Edited by: Aahana Banerjee
College in the first semester is hard, not because you start reading big, intense textbooks or are expected to develop original, intellectual thoughts that you seemed to lack in school, but because you start to realize that being the big girl that you always wanted to be is not all that dreamy.
I stepped into my first semester with my head in the clouds, eager to get a seat at the adult table. The only problem was that I did not want these adult table discussions to get too realistic either, because then I could pretend that there was nothing very wrong with the world around me and it was only waiting for me to fulfil my desires. However, thanks to my Environmental Studies (EVS) foundation course, my bubble burst quite quickly.
Every class of the semester was like being in a courtroom. It was as if the Zoom tiles were court stands, and a hundred students were being accused. However, I must tell you that the nature of these accusations was quite clever. We were not being blamed for our exploitative actions; that would imply that all of humankind is to blame which would lead to the diffusion of responsibility, leading to nobody taking accountability. So instead, we were being blamed for our collective ignorance, as students of liberal arts, towards the tragic state of the world we live in. What was worse was that the class was being taken in the middle of the first wave of the pandemic, and our blatant ignorance was quite shameful. As you might have guessed already, the feeling of being constantly attacked is not the greatest. Guilty or not was the question of the hour.
I was able to recognise the atrocities that I have committed towards the environment by being a wasteful consumer, my contribution to harmful dairy practices and to the increasing number of plastics. This was directly proportional to the increase in microplastics in the ocean which in turn harms marine life. The course material was so infuriatingly eye-opening that I began to see how it could be applied everywhere. Believe it or not, I have had strange dreams about attending the funeral of a whale where its family had plotted my murder.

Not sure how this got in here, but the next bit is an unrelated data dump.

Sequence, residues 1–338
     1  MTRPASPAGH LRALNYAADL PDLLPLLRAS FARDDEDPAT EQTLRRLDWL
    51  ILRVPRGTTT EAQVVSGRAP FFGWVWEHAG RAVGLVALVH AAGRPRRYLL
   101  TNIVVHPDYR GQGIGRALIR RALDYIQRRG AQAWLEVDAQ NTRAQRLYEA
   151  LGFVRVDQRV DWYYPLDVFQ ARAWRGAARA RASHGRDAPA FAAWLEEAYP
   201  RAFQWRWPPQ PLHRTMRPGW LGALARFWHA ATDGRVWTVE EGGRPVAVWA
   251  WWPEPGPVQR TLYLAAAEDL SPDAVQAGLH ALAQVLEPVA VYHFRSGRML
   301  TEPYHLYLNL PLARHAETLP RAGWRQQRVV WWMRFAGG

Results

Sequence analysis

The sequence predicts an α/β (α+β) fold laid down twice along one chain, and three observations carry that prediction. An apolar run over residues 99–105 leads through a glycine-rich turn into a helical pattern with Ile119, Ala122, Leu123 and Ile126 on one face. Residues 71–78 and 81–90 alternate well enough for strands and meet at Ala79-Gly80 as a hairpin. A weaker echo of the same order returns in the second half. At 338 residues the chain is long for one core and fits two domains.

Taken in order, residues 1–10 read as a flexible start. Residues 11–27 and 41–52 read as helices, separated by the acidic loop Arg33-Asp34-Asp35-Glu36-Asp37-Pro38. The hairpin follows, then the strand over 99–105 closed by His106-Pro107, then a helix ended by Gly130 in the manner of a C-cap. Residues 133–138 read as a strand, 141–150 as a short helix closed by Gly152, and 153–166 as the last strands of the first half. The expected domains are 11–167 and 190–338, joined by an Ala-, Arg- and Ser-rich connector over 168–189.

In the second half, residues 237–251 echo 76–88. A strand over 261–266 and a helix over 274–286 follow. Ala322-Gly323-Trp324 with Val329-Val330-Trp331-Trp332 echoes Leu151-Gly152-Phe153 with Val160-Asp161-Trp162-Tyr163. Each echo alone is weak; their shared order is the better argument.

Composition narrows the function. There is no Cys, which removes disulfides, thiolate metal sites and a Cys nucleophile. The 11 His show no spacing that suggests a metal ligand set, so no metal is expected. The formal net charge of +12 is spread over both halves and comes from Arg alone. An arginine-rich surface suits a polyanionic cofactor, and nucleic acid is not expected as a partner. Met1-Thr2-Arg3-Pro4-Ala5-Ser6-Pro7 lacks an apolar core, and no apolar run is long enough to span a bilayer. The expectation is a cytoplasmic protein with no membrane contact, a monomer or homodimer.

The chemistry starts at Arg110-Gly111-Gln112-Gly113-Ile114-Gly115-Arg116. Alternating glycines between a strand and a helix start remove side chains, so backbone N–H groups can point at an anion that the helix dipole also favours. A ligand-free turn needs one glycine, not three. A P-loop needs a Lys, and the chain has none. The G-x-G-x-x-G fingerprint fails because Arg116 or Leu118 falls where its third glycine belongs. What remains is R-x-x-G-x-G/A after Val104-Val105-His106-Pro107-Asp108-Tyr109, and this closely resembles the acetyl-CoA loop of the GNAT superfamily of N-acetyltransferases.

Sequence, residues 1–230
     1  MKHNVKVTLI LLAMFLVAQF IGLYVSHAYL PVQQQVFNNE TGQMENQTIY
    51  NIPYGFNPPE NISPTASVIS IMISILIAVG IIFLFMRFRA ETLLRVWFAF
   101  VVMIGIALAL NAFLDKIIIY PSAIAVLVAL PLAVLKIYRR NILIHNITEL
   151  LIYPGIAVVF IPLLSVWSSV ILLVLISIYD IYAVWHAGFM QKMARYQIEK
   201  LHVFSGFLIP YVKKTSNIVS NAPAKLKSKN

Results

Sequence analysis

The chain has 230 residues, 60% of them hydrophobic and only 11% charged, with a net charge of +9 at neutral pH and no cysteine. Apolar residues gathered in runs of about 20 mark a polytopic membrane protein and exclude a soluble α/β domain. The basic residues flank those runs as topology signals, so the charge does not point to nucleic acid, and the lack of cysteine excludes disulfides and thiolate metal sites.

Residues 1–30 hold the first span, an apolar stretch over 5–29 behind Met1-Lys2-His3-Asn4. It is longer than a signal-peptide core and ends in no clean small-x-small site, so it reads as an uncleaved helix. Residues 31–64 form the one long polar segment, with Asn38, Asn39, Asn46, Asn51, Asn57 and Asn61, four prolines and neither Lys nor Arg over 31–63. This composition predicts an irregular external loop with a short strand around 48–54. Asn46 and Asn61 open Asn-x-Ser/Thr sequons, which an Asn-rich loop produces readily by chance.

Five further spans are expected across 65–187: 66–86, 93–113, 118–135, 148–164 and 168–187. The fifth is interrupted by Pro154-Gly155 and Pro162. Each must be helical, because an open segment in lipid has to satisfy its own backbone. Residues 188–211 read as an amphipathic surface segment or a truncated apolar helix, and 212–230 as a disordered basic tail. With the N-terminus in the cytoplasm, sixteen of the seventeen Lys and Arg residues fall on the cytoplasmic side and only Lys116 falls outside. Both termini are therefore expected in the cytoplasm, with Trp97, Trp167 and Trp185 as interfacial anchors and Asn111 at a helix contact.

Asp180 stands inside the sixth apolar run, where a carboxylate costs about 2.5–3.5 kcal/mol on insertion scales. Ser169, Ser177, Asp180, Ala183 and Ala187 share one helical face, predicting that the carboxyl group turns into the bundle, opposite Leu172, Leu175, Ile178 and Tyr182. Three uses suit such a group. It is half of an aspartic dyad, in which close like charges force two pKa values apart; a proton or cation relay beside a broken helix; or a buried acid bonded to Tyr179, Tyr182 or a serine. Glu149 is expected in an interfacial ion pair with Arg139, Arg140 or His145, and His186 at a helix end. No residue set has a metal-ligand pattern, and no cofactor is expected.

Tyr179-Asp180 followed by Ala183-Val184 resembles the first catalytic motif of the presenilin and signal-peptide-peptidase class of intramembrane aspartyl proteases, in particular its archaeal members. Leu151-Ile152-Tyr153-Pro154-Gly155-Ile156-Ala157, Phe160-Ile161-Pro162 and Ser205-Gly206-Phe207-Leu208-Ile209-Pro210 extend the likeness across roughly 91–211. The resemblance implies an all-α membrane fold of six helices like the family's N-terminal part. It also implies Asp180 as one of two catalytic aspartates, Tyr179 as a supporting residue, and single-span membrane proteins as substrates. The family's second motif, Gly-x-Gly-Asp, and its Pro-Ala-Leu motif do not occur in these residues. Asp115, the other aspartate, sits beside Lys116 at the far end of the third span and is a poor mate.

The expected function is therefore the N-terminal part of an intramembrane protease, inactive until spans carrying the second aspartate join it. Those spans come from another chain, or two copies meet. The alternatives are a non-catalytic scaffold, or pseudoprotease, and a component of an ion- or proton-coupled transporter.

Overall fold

This explosion of realizations generated one hell of a feeling of cognitive dissonance in me. In case you don’t know, cognitive dissonance is the discomfort that people experience when two of their beliefs or attitudes contradict one another. Simply put, when they behave in a manner opposed to the ways in which their belief system wants them to. To resolve this dissonance, one either has to change their beliefs, change their actions or introduce a new belief that somehow justifies their behaviour. Now you might think that the course with its whooping facts and the discomfort that it caused me would’ve led to a moral restructuring in myself. Sadly, it did not. You see, we belong to a very selfish generation with a very skewed moral compass.
I couldn’t really change my actions concerning the environment because, honestly speaking, there were simply too many actions that would need changing so I just didn’t bother. I changed my beliefs instead, and stopped caring about the environment. This doesn’t mean that I am voluntarily doing something to harm it, but I can’t realistically keep track of every minute action of mine that has the potential to do so. I know it makes me look like a bad person, and I am okay with that.
If you take EVS, you will either feel the same as I did by the end of the course or you will start caring about the environment way too much. In the case of the latter, it will be difficult for you to monitor your actions when you live in a society as fundamentally exploitative as ours.
So my dear first year, don’t take EVS because no matter your perspective, when your course ends, it will leave you hating yourself. Besides, don’t we do enough of that already?